A gift from Jeju, a ‘football wasteland’, the ‘meaning’ of breaking through ‘10,000 paying spectators’

 10,041 people. This is the number of spectators who gathered to watch the 8th round (0-2 loss) of ‘Hana One Q K League 1 2023’ between Jeju United and Jeonbuk Hyundai held at Jeju World Cup Stadium on the 23rd. Despite strong winds and relatively chilly weather, many fans visited the home stadium in Jeju.

Jeju, as is known, is barren for sports. Jeju consistently knocked the top ranks, but the football fever was not proportional. There were many stumbling blocks. Due to the regional economic structure, where tourism, service, and agriculture dominate, it is not easy for provincial residents to enjoy games on weekends. Seogwipo City, where the Jeju World Cup Stadium is located, has a population of 180,000. Among the 12 K-League 1 teams, the hometown population is the smallest. Even so, fewer than 100,000 people live in an area within 30 minutes of a stadium.

It is best if the population of Jeju City, which is three times the population of Seogwipo, visits the stadium, but there is a great psychological resistance to moving to Seogwipo City for the people of Jeju City. Although it is a distance of about 40 minutes, it is recognized as a transfer between Seoul and other regions by the people of Jeju City. Jeju has crossed a big wall this season. 70% of the spectators who visited the Jeju World Cup Stadium this season are coming from Jeju City. The number of spectators per 100,000 people is 4,421, which is the overwhelming number one. Second place was Pohang with 1911, more than twice as many. It is also encouraging that there are many family fans, especially female fans.

What is surprising is that this figure is the number of paying spectators. It is the first time that more than 10,000 people have visited a Jeju home game since the professional soccer federation counted paid spectators in 2018. In the mid-2010s, there was a wind of soccer in Jeju for a while with ‘The Battle of Tamra’ and ‘Loyalty Marketing’, but there was an imaginary figure in it. Most of them were free spectators. In 2016, the percentage of paid spectators in Jeju was only 3.7%, the lowest among the 12 K-League 1 teams. There were aspects that were unavoidable. Jeju is a special space called an island where tourism is the main business. Most of the residents are not used to paying money to see something. Football, too, had no choice but to jump on the bandwagon.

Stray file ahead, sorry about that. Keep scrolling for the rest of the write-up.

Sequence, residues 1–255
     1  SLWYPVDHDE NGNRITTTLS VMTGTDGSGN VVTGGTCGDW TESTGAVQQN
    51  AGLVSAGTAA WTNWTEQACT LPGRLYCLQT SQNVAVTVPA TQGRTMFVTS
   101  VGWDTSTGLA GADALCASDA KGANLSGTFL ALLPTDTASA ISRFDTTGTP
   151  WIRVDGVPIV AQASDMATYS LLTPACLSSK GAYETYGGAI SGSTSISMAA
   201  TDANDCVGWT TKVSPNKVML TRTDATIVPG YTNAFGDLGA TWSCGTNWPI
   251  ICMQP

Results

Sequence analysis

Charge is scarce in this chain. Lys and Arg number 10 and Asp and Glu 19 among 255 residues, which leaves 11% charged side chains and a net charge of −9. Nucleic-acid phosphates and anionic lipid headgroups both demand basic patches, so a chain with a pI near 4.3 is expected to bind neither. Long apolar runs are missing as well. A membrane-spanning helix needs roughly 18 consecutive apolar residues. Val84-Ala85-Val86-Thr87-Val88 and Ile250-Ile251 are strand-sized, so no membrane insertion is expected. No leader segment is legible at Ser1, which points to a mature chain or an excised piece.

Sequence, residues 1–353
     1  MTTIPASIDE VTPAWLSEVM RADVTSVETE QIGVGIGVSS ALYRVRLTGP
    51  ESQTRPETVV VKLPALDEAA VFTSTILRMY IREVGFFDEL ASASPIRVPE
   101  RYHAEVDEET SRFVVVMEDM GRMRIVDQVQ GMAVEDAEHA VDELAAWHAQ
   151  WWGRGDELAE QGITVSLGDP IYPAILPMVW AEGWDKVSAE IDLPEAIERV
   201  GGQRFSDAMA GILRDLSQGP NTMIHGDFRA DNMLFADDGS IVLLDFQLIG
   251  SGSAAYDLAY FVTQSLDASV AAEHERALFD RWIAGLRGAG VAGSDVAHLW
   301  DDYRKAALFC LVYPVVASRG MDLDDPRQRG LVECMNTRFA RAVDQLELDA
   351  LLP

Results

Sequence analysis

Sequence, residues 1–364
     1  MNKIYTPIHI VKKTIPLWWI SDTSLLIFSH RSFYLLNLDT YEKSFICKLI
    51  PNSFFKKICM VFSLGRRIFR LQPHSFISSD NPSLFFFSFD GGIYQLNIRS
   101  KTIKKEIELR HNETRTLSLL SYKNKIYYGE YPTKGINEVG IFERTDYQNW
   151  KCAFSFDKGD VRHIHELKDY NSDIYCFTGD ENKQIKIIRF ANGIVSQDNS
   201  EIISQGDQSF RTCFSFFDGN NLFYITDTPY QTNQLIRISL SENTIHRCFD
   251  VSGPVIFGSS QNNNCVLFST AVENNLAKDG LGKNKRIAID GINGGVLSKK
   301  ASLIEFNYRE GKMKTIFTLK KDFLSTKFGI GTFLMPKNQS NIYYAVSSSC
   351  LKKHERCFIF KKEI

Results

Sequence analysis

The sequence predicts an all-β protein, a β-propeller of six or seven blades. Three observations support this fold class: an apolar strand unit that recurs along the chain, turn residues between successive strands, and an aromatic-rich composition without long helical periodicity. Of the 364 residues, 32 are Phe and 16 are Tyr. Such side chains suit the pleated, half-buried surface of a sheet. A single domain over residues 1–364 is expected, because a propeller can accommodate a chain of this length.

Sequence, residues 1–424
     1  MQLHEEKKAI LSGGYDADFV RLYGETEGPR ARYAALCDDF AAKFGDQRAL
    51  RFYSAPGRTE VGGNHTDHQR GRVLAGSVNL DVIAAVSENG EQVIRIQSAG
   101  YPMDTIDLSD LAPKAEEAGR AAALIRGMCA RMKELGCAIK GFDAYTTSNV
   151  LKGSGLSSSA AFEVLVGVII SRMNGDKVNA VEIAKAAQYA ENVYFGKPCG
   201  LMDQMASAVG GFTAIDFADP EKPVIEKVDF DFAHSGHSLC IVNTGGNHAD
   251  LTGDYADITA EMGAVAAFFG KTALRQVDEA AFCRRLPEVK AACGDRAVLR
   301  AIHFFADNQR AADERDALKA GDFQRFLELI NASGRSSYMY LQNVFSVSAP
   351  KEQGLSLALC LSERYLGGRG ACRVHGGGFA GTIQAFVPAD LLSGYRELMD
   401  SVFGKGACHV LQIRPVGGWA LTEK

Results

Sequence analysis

But the tide is changing. Jeju declared the eradication of free tickets in 2017. He started the ‘Real Orange 12’ project. In order to change the consciousness of the fans, they steadily planned and executed events to increase paid audiences. The steps were slow. The average attendance in Jeju in 2019 was only 3708. Here, the K-League 2 relegation and the huge variable of Corona 19 overlapped. However, he did not stop trying and started to see the light this season.토토사이트

The number of spectators this season has been very encouraging. This year, Jeju played a total of 4 home games, with 8362 against Suwon FC on February 26 (0-0), 7078 against FC Seoul on March 18 (1-2 loss), and Ulsan Hyundai on the 2nd (1 3 loss), 7140 people found it. Every game has exceeded 7,000 spectators, more than 10,000 spectators come from Jeonbuk, and the average spectator this season reaches 8,155. This is an unusual number considering that the number of spectators has a significant influence on the outcome of home matches. It is possible to interpret that the number of ‘loyal fans’, who are likely to visit the stadium steadily, is increasing, rather than flash fans.

It is the fruit of Jeju club’s efforts. In Jeju, CEO Chang-yong Koo and general manager Hyun-hee Kim are actively promoting and marketing activities in Jeju-do. It is constantly communicating with local governments, related organizations, and sponsors, and is taking the lead in local social issues such as participating in the 4.3 event, no-plastic and carbon-neutral campaigns, and producing official content for recruiting players using dream trees and local specialties. Breaking 10,000 paid spectators in Jeonbuk is significant.